Astronomers using the South Pole Telescope report that they have discovered the most massive galaxy cluster yet seen at a distance of 7 billion light-years.
Surveying for this effect has significant advantages over other search techniques. It works just as well for very distant clusters as for nearby clusters, which allows astronomers to find very rare, distant, massive clusters. Further, it provides accurate measurements of the masses of these clusters, which are crucial to unravelling the nature of dark energy.
The main goal of the SPT survey is to find a large sample of massive galaxy clusters in order to measure the equation of state of the dark energy, which characterizes cosmic inflation and the accelerated expansion of the universe.
Once this distant cluster was found, the team studied it with the Infrared Array Camera on the Spitzer Space Telescope to pinpoint galaxies within the cluster. Detailed observations of the galaxies' speeds with the Magellan telescopes in Chile proved that the galaxy cluster was a heavyweight.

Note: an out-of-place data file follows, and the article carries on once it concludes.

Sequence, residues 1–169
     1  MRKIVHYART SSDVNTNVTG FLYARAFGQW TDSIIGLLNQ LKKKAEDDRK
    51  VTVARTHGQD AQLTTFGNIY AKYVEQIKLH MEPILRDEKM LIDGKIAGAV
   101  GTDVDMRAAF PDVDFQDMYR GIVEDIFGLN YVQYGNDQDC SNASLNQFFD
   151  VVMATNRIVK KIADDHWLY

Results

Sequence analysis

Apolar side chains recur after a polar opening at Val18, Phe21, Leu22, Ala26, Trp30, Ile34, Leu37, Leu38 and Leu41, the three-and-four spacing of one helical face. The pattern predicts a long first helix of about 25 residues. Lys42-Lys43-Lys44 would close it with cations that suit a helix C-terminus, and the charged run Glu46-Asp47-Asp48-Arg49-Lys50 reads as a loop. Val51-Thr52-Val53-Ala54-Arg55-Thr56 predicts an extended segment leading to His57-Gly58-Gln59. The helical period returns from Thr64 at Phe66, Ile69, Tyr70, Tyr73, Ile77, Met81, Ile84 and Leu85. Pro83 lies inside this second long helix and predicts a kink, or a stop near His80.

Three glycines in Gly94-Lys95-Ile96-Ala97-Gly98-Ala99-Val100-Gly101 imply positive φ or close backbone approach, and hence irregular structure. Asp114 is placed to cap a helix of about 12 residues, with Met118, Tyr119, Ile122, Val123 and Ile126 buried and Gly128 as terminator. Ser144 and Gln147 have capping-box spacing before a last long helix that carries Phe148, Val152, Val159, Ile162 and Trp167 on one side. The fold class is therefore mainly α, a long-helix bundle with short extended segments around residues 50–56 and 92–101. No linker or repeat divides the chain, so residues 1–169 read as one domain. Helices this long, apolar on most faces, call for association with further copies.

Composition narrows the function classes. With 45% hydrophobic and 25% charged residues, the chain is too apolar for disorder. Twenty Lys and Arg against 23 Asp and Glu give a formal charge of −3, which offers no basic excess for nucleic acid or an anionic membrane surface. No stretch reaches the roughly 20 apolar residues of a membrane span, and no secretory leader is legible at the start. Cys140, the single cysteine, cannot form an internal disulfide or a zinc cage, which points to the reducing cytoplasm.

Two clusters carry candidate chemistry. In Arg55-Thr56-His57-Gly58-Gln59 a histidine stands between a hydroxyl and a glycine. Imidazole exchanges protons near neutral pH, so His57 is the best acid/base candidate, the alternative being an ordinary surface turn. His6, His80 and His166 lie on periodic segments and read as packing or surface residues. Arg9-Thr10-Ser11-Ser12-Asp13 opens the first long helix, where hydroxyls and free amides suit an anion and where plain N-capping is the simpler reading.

The team expects to find many more giant galaxy clusters lurking in the distance once the South Pole Telescope survey is completed.
"After many years of effort, these early successes are very exciting. The full SPT survey, to be completed next year, will rewrite the book on the most massive clusters in the early universe," said Brodwin.
Source: Harvard-Smithsonian Center for Astrophysics